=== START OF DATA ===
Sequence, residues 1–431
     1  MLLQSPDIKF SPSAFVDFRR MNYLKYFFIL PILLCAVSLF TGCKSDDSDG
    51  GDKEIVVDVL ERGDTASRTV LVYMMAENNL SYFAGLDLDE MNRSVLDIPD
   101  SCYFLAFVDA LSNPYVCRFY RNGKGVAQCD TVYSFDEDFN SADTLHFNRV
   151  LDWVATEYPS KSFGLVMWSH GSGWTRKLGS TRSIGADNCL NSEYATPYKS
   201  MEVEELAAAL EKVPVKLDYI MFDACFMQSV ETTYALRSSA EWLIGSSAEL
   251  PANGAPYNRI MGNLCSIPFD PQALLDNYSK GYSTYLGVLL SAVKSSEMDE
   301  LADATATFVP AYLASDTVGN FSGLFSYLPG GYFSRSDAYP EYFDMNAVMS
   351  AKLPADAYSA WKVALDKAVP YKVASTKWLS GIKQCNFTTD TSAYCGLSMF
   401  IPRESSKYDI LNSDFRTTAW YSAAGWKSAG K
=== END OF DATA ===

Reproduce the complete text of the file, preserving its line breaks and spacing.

Sequence, residues 1–431
     1  MLLQSPDIKF SPSAFVDFRR MNYLKYFFIL PILLCAVSLF TGCKSDDSDG
    51  GDKEIVVDVL ERGDTASRTV LVYMMAENNL SYFAGLDLDE MNRSVLDIPD
   101  SCYFLAFVDA LSNPYVCRFY RNGKGVAQCD TVYSFDEDFN SADTLHFNRV
   151  LDWVATEYPS KSFGLVMWSH GSGWTRKLGS TRSIGADNCL NSEYATPYKS
   201  MEVEELAAAL EKVPVKLDYI MFDACFMQSV ETTYALRSSA EWLIGSSAEL
   251  PANGAPYNRI MGNLCSIPFD PQALLDNYSK GYSTYLGVLL SAVKSSEMDE
   301  LADATATFVP AYLASDTVGN FSGLFSYLPG GYFSRSDAYP EYFDMNAVMS
   351  AKLPADAYSA WKVALDKAVP YKVASTKWLS GIKQCNFTTD TSAYCGLSMF
   401  IPRESSKYDI LNSDFRTTAW YSAAGWKSAG K